SCOUT Phil Smith assesses Eddie Howe’s first year in charge and the potential to make the play-offs
Several readers have been in touch to request my opinion on Eddie Howe, now that he has recently celebrated a year in charge of this magnificent football club.
The question warranted a sizeable response, and thus it was unable to be answered in a short summary at the end of a regular column.
However, the lack of a midweek fixture has now provided ample opportunity to offer a suitable reflection.
Even the greatest football manager will make mistakes in the transfer market, Manucho and Mame Biram Diouf at Manchester United evidence of this point. The latter scored just once whilst at Old Trafford, typically against ourselves!
I remain adamant that we require an extra central midfielder, but, in terms of the acquisitions he has made, Howe can be pleased with his efforts. Replacing Tyrone Mears with Kieran Trippier was an absolute masterstroke, and the former Manchester City loanee could play in the Premier League right now, of that I have no doubt.
His own experience as a youth coach at Bournemouth, coupled with the appointment of Jason Blake, should see more of our own talent come through the ranks.
Bar a few obvious exceptions, we haven’t had that many make the transition from Gawthorpe to Turf Moor, and any improvement in this ratio must be encouraged.
Ultimately, however, football is a result based industry, and, as a result, a definitive assessment can only be made at the end of his tenure.
When Brian Laws was dismissed as manager, we were sat in ninth place, two points off the top six, with a game in hand.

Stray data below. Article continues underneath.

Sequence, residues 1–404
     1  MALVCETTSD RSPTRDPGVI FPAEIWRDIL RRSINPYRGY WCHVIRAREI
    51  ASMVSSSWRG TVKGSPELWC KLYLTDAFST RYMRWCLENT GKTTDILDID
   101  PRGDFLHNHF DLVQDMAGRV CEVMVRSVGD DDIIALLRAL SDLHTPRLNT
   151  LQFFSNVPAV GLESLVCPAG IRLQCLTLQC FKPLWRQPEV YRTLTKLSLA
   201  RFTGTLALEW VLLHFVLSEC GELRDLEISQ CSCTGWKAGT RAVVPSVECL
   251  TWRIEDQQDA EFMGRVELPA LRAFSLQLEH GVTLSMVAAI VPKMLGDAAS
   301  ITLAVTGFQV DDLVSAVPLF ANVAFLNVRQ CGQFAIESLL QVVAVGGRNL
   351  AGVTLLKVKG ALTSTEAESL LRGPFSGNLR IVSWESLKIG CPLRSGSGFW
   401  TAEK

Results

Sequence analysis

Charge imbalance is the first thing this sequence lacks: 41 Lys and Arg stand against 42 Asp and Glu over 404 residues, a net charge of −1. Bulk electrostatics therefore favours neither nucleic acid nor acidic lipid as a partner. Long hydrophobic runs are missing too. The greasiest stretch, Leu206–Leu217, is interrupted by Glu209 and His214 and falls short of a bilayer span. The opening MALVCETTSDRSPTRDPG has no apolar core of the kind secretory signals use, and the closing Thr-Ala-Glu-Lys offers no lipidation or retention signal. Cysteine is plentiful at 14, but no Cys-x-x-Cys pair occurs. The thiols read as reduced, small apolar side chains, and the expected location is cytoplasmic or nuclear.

The season concluded with us seven points away from the play-offs, and so we cannot point to an improvement in the first five months of his reign.
The current campaign began poorly, and relegation was more than an unsubstantiated concern as late into the season as November.
The frustration grew as we began to be outplayed up at the KC Stadium, but, all of sudden, David Edgar banged one in 12 minutes from time, and we went on to win the game in the most remarkable of circumstances.
A demolition of Ipswich Town and a fully deserved victory at the Boleyn Ground followed, and, by New Years Eve, we had climbed into seventh place.
We have not been any higher since, adverse weather against Derby County and Peterborough United can probably be to blame for five points, but defeats at Leeds United and Southampton were difficult to stomach.
Our Premier League Parachute payments are slashed from the start of 2012/2013,and logic dictates that when you also factor in the imminent FFP ruling, promotion will become harder as the years begin to progress.
When relegated, did anyone genuinely believe that, two years later, we would have failed to earn a play-off spot, at the very least?
Evidently, the final 14 games of the season will determine whether that is the case, but, if it becomes a reality, it cannot be classed as anything but failure.
Eddie currently enjoys a greater win percentage as Burnley manager than Owen Coyle.
I doubt he would be as arrogant to liken promotion to “leading us out of the wilderness”, but Howe will ultimately be judged on his ability to get us out of this division.
I am sure I am not alone in wishing him every success with this aim.